Having determined that the right to a PSI report may be expressly waived, we must determine whether a waiver at a plea proceeding continues to be valid at an adjudication hearing. Because Whitelaw did not address this issue, we see no reason to retreat from our reasoning in McClendon that the waiver continues to be valid. See McClendon, 784 S.W.2d at 713 (“Because the accused has never been found guilty of having committed the initial offense, the adjudication of guilt is part and parcel of the original plea proceeding, regardless of the amount of time intervening.”); see also Daniel, 877 S.W.2d at 77 (“Because a plea proceeding and a later adjudication of guilt are essentially the same proceeding, it is as if the intervening time between the two proceedings had never passed.”).
Finally, we must determine whether appellant effectively reasserted his right to a PSI report by requesting one after it had been waived. Some rights may be reasserted after waiver, such as the right to a jury trial, the right to remain silent during custodial interrogation, and the right to counsel at trial. Marquez v. State, 921 S.W.2d 217, 221-22 & n. 4 (Tex.Crim.App.1996). However, not every right may be reasserted; for example, the right to an appeal cannot be reasserted after it is waived.2 See Monreal v. State, 99 S.W.3d 615, 621 (Tex.Crim.App.2003). We believe the right to a PSI report falls within the category of rights which cannot be reasserted. As the Court noted in Monreal, the right to a jury trial, the right to remain silent, and the right to counsel are all constitutional rights. Id. at 621. The right to a PSI report, like the right to an appeal, is not a constitutional right.3 Because the right to a PSI report is more similar to the right to an appeal than the aforementioned constitutional rights, we hold that it cannot be reasserted after being waived.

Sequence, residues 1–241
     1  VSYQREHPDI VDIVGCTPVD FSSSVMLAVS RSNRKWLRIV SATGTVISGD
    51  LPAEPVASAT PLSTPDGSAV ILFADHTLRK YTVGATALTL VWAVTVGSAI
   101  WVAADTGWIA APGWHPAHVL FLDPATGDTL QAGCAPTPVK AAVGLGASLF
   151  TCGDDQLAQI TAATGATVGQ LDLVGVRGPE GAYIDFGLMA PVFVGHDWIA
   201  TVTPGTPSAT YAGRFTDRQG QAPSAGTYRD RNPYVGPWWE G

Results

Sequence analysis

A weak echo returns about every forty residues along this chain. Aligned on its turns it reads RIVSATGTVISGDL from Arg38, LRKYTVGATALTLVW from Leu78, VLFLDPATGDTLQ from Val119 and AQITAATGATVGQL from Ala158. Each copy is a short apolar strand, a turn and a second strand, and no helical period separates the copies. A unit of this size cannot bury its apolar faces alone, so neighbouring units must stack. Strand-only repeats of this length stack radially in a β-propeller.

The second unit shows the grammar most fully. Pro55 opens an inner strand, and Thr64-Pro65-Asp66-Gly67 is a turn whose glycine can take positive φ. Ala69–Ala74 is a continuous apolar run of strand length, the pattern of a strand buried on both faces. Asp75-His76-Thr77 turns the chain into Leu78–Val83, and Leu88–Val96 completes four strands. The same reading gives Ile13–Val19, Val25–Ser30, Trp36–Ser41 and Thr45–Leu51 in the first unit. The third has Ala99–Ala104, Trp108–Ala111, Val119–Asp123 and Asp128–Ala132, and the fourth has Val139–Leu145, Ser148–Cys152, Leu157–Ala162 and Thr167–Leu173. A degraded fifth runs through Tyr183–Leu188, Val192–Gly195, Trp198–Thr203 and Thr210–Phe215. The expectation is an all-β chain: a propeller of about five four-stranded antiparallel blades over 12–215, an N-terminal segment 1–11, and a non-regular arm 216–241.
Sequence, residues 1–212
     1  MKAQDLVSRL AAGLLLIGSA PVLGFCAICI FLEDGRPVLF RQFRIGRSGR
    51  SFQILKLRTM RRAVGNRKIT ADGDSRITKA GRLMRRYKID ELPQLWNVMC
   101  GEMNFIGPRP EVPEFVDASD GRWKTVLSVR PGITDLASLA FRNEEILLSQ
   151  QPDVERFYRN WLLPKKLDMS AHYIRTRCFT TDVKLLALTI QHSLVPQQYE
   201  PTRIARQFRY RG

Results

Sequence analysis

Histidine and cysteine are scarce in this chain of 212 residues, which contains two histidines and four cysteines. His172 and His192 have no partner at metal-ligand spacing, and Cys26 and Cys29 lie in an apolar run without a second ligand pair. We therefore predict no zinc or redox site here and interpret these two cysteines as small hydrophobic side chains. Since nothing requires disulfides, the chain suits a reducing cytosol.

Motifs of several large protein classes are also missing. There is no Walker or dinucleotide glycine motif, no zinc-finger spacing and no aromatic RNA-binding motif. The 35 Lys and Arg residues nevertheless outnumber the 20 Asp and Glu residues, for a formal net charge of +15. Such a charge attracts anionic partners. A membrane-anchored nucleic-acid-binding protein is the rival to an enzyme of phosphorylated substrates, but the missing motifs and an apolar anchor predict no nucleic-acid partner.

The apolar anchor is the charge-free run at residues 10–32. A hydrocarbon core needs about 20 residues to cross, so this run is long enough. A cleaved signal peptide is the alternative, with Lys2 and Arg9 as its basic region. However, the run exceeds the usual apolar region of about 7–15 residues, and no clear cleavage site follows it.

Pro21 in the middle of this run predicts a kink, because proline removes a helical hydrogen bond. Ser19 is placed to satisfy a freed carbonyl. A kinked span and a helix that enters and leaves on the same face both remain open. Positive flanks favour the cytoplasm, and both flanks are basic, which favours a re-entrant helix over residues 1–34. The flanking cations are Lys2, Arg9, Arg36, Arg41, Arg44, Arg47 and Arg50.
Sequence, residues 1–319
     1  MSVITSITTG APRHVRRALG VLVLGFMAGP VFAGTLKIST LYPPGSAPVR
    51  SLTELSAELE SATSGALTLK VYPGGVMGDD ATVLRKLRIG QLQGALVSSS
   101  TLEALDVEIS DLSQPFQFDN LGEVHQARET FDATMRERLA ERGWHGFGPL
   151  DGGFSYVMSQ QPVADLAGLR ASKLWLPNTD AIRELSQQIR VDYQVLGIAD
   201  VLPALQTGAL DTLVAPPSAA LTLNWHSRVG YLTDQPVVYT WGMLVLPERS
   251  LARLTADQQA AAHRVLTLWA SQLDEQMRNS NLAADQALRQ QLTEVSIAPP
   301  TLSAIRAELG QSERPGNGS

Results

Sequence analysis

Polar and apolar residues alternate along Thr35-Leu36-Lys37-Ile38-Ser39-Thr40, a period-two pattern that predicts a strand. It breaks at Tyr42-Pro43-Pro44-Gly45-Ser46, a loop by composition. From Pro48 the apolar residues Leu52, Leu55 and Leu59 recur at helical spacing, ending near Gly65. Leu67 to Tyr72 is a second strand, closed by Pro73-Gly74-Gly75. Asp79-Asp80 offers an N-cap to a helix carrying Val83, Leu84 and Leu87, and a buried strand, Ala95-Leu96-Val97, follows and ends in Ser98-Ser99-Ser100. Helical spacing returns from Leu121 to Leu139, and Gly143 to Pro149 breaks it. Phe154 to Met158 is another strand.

We therefore determine that our opinion in McClendon is still valid. Because McClendon is dispositive, we overrule appellant's only point of error.4
We affirm the judgment of the trial court.
1. We note that a material amendment to article 42.12 was also more recent than our decision in McClendon. See Daniel, 877 S.W.2d at 76-77. However, the Daniel court reached the same decision when considering the amended article 42.12. Id. at 77.
2. A distinction exists between challenging the validity of a waiver of the right to an appeal and reasserting the right to an appeal after a valid waiver; the former is permissible while the latter is not. There is therefore no conflict between our decision here and our recent decision in Tufele v. State, 130 S.W.3d 267 (Tex.App.-Houston [14th Dist.] 2004, no pet.).
3. The Court of Criminal Appeals has not stated that whether a right is constitutional in nature determines whether it can be reasserted after being waived. See Marquez, 921 S.W.2d at 222 n. 4. The Court stated that even some constitutional rights cannot be reasserted after being waived. Id. However, constitutionality is some indication as to whether a right may be waived. Monreal, 99 S.W.3d at 621.
4. We also do not see a conflict between McClendon and this opinion and the statement in Whitelaw that a trial court is required to order a PSI report even if the defendant does not request one. See Whitelaw, 29 S.W.3d at 132 n. 13. If the defendant is simply silent, saying nothing about a PSI report, a court must follow the mandate of article 42.12 and order a PSI report. Under article 42.12, silence is not equal to an affirmative waiver as we have here.
WANDA McKEE FOWLER, Justice.